Corporate boards—already grappling with rising inflation, labor market shortages, and the impact of the Covid-19 pandemic—now face the challenge of Russia’s invasion of Ukraine. Here are three steps companies can take to navigate an environment of increasing geopolitical instability.
1. Engage the board
CEOs should reach out to their full boards now to let them know how the company is—or could be—affected by the situation in Ukraine. During the pandemic, management stepped up the level of communication with the board, increasing the level of transparency and trust as well as banishing to the past the notion that management must have all the answers—and perfect ones at that—before talking with the board. CEOs should capitalize on the bonds of trust nurtured during the pandemic to provide management’s best assessment, imperfect as it may be, of the situation in Ukraine as it unfolds. They can use informal video calls and periodic emails as well as formal board meetings. That increased communication will reduce the risk that directors are surprised or blindsided, enable the board to fulfill its oversight duties, and enlist the board’s experience and expertise throughout the crisis.
2. Don’t view this crisis as an isolated event.
As we wrote in the summer of 2021, companies should “be prepared for multiple crises to occur at the same time—for a long time—and to address risks as issues that intersect, not as episodic issues or events.” In the near term, boards should ensure that management has considered the connections between the Ukraine invasion and other risks (such as cybersecurity), and has the staff, structure, policies, and processes to handle multiple crises occurring over an extended period.
In addition, the Ukraine situation should be a catalyst for boards and senior executives to reassess their approach to crisis management. Executives at many companies believe there are shortcomings in crisis management at both the board and management level. During the pandemic, 73 percent of executives said their companies’ crisis management plans were inadequate, and just 30 percent of C-suite executives said their board was able to respond well in a crisis. While nearly half of CEOs now say their firms are well prepared for a crisis relating to a pandemic, only 28 percent say they are prepared for a supply chain crisis and 37 percent for a cybersecurity crisis. Amid all the other priorities, boards need to make time for a candid discussion of crisis management—and if management doesn’t come forward, boards should prompt the conversation.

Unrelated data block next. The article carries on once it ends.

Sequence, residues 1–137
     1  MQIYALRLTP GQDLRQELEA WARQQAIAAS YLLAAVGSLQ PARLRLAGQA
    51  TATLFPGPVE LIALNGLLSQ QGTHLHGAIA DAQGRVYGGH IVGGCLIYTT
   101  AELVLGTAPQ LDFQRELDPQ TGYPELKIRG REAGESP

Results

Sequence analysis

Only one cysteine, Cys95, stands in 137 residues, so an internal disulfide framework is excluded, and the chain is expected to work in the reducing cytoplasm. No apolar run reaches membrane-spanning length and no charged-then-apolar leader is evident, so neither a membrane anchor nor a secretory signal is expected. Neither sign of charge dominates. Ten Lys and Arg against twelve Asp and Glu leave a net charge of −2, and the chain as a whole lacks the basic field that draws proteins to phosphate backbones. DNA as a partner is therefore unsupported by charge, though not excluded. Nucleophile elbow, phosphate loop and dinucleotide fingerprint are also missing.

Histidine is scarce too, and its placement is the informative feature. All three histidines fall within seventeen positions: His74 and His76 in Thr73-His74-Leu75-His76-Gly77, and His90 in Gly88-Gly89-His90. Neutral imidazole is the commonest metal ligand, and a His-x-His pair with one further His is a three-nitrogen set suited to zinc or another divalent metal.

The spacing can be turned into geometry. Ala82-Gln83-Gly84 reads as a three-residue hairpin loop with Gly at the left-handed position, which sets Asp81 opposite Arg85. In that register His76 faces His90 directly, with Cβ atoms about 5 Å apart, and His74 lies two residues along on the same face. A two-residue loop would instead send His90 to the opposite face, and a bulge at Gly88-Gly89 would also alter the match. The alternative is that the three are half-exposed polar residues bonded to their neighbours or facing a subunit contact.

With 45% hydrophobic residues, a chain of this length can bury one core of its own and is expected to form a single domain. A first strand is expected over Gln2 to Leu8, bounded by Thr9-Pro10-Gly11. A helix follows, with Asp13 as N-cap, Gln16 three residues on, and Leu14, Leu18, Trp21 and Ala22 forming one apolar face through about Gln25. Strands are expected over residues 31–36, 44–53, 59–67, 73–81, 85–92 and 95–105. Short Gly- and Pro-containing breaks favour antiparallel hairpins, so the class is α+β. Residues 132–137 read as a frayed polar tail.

3. When it comes to board composition, remember geographic diversity.
As boards focus on increasing their gender, racial, and ethnic diversity, they should not lose sight of geographic diversity. That does not require having directors who currently live or work outside the US, but it does mean having directors with international experience. Even as the world has become more interconnected—not only in terms of customers but also supply chains—the level of international experience on boards has declined, from 17.5 percent of directors in the S&P 500 in 2017 to 13.1 percent in 2021, and from 9.2 percent of board members in the Russell 3000 in 2017 to 6.8 percent in 2021. Directors with international experience can help spot issues and opportunities others may miss: for example, European executives have consistently tended to rank global political instability as a greater concern than their US counterparts.
Many boards have emerged from the past two years of the pandemic in better shape than before, with enhanced ability to address multiple challenges simultaneously; greater agility in responding to evolving circumstances; and deeper awareness of the strengths of the board, its management, and the company. With this latest crisis, companies should follow the playbook used during the pandemic in maintaining an elevated level of communication between the board and management. They should also begin to address shortcomings in crisis management and reverse the trend toward boards with decreasing levels of international experience.